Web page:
Denis Bradley’s column in Friday’s Irish News opened with these words:
It was a public talk away back in the 1980s. I don’t remember his name but I think he was a Jesuit from the Irish School of Ecumenics. He was the first I heard to publicly and properly define the elements that constituted the Troubles. He emphasised the need to be clear that the two main killing machines were the IRA and the British Army (and the organisations it controlled).
He argued that the role of the peacemaker was to get the main killing machines to the negotiation table. He proposed that it was inevitable that they would have to come to an accommodation before peace could be achieved. That is precisely what happened four years before the Good Friday Agreement was signed.
It may seem old hat now but way back in the early eighties that was an analysis that was far from politically correct.
If I had to guess, I’d say there’s a good chance the Jesuit in question was Fr Michael Hurley, one of the founders of the Irish School of Ecumenics. Hurley devoted a substantial portion of his career to promoting reconciliation on this island. Part of Hurley’s ministry was founding the Columbanus Community on the Antrim Road in Belfast, an ecumenical community that was meant to serve as a witness of reconciliation in the midst of a divided society. The Belfast campus of the Irish School of Ecumenics, where I work, is now situated in the building that was the home of that community.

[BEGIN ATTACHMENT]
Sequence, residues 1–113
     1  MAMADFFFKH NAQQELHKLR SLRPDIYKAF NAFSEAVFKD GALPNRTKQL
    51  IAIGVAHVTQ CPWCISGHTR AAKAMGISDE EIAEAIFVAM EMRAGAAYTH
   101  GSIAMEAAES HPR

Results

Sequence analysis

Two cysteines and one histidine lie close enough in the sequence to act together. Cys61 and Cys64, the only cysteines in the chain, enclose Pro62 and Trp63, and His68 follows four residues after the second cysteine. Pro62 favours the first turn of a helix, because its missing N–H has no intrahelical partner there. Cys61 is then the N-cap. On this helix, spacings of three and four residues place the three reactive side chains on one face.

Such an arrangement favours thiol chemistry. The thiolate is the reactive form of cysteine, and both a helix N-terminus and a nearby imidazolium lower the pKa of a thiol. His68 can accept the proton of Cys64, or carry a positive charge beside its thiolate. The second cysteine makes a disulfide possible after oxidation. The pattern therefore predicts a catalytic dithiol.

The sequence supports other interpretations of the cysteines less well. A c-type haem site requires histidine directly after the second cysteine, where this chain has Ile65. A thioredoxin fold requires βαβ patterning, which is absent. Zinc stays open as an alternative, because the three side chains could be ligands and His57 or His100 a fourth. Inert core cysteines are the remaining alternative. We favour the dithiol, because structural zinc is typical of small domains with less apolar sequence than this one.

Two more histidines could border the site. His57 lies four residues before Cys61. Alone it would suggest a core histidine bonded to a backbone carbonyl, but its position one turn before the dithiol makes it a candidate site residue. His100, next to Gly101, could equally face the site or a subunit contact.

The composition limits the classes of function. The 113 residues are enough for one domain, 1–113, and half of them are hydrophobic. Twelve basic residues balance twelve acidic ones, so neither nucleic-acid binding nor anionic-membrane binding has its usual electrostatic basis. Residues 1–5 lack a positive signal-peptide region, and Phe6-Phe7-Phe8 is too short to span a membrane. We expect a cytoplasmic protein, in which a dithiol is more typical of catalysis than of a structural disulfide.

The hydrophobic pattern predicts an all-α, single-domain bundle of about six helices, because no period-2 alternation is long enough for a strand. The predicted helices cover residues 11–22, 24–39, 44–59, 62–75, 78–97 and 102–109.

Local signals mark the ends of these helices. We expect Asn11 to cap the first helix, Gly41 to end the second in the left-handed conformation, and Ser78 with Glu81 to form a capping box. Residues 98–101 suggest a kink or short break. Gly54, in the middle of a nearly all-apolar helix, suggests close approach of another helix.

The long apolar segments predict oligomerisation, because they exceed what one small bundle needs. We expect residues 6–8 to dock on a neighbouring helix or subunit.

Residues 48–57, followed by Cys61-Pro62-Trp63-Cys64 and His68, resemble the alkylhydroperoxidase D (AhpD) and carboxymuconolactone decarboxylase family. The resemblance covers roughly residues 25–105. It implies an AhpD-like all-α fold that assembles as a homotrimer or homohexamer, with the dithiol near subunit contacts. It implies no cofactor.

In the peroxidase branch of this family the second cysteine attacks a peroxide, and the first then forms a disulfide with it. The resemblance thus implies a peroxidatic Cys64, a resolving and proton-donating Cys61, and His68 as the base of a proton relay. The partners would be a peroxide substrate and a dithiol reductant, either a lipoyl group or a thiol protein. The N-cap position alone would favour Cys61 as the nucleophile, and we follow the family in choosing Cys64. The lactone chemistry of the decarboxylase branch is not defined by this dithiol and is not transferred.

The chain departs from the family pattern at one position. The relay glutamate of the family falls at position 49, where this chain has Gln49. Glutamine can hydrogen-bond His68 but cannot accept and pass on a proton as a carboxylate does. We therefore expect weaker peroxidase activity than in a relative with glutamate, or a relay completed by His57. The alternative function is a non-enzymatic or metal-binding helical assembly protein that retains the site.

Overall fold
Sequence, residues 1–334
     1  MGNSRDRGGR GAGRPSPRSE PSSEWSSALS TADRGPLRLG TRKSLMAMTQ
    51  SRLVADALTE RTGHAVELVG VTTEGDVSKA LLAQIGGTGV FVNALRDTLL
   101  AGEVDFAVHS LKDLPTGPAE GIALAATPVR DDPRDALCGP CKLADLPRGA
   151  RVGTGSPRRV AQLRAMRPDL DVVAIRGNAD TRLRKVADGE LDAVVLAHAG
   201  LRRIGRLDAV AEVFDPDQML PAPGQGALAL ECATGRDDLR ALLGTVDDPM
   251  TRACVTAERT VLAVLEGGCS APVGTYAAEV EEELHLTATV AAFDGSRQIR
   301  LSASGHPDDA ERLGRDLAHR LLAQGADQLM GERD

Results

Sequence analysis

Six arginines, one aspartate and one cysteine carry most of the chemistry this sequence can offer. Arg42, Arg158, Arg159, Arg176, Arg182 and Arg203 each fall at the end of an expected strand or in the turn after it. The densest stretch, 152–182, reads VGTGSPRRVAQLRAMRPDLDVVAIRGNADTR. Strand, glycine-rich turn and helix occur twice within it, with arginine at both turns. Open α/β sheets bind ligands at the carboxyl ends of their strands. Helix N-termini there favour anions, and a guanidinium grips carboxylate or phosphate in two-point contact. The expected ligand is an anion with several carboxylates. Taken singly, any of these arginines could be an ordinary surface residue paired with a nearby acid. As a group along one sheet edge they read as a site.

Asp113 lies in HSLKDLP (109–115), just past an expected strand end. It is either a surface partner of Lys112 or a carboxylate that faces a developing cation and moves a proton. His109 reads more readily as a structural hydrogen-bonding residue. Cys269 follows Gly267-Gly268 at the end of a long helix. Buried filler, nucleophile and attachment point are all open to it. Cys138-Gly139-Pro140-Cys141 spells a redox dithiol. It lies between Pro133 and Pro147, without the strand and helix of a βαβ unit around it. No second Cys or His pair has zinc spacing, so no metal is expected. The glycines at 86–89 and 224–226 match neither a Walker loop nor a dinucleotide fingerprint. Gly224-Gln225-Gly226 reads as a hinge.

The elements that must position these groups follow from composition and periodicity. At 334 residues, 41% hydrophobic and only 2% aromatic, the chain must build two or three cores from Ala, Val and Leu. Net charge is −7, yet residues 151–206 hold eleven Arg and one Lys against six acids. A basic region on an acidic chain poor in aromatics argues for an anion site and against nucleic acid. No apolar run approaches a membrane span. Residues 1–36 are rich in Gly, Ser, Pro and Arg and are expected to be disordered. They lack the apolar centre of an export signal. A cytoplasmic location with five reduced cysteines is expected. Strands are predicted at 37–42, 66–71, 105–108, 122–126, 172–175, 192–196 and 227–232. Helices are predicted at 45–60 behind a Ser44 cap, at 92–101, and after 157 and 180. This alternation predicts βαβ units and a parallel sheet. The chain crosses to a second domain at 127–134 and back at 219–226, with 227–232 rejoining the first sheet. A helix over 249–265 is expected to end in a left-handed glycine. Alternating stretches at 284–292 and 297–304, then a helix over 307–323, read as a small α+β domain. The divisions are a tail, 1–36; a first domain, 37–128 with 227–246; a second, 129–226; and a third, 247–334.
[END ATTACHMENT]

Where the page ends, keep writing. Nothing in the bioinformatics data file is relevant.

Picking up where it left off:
Bradley’s column was about Jim Allister’s Stormont bill on special advisors, which would bar people who have served five years or more in prison from becoming political advisors. This is a move aimed, at seems, at preventing former IRA members from serving. Bradley’s argument is that while the SDLP may be reluctant to vote with Sinn Fein to oppose the bill, they should do so because it is a ‘distorted’ bill and scuppering it is for the greater good. (Bradley feels it necessary to add that he thinks that IRA members make lousy political advisors!)
Whether you agree with Bradley or not on this particular issue, he makes a wider point that is an important one for Christians to consider.
Alluding to the example of John Hume and his secret talks with Gerry Adams (as Bradley writes, ‘… John Hume, ultimately came to the same conclusion as the ecumenical Jesuit’), he says, in essence, that you have to get your hands dirty. Bradley calls this a ‘sacrifice’ for a ‘greater need.’
For Christians, this may involve engaging with people whose morals you question, whose actions you think should put them ‘outside the pale.’ Jesus, after all, sat down with the outcasts and the marginalised of his day, those whose background and actions would have had them labelled ‘immoral.’
Can Christians today really make a difference if we don’t do that?
(Image: The Irish School of Ecumenics in Belfast)